Tag Archive for: impedance

Impedance Measurement – Dual Channel Method Using Math Post-Processing

This sequence demonstrates an alternative to the traditional SoundCheck single channel impedance measurement method. A stepped sine sweep from 20 Hz to 20 kHz is played through the speaker while the signal across the loudspeaker terminals is recorded by Direct In 1 and the signal across the sense resistor (impedance box) is recorded by Direct In 2. A heterodyne analysis step is then applied to calculate the fundamental response from both inputs and a math post-processing step divides Fundamental A (speaker terminal voltage) by Fundamental B (voltage across sense resistor). A post-processing step corrects for the value of the reference resistor before displaying the final impedance curve. The curve is then post-processed to calculate resonance frequency, maximum impedance and Q of the resonance peak. A set of arbitrary limits steps are also provided to generate pass/fail results.


Practical Impedance Measurement

Author: Steve Temme
Loudspeaker impedance measurements are made for many reasons. In the R&D lab, these range from the simple task of identifying a speaker’s resonant frequency to more complex functions such as calculating the speaker’s Thiele-Small parameters. On the production line, impedance measurement is a key quality control parameter that verifies that the speaker’s motor properties are correct, that the magnet is charged correctly, the voice coil number of turns is correct and that the moving mass (cone and voice coil) is within specification.
There are two basic methods of making impedance measurements on loudspeakers, micro-speakers and headphones using sound card and software based systems. These are basic single channel measurements, and more complex, but more accurate, dual channel methods. Both methods are implemented in SoundCheck, and with some additional hardware these tests are simple to carry out.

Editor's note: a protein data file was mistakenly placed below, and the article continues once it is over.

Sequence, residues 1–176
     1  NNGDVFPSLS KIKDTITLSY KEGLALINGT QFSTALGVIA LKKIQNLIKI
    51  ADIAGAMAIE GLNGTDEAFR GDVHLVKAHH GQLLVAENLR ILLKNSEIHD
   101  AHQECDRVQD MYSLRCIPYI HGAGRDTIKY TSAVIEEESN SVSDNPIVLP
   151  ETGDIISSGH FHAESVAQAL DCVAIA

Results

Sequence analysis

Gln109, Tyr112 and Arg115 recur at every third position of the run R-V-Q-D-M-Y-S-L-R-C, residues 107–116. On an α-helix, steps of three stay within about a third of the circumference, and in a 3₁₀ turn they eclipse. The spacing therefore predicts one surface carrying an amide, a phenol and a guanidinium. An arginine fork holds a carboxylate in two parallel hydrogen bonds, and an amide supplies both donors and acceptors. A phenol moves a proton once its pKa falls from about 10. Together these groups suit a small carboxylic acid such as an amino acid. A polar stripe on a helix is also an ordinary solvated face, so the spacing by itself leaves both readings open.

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Advances in Impedance Measurement of Loudspeakers and Headphones

Impedance measurement is often the sole electrical measurement in a battery of QC tests on loudspeakers and headphones. Two test methods are commonly used, single channel and dual channel. Dual Channel measurement offers greater accuracy as both the voltage across the speaker (or headphone) and the reference resistor are measured to calculate the impedance. Single Channel measurement methods are more commonly used on the production line because they only require one channel of a stereo soundcard, which leaves the other free for simultaneous acoustic
tests. They are less accurate, however, due to the test methods making assumptions of constant voltage or constant current. In this paper we discuss a novel electrical circuit that offers similar impedance measurement accuracy compared to complex dual channel measurement methods but using just one channel. This is expected to become popular for high throughput production line measurements where only one channel is available as the second channel of the typical soundcard is being used for simultaneous acoustic tests.

Authors: Steve Temme and Tony Scott
Presented at the 135th AES Conference, New York 2013

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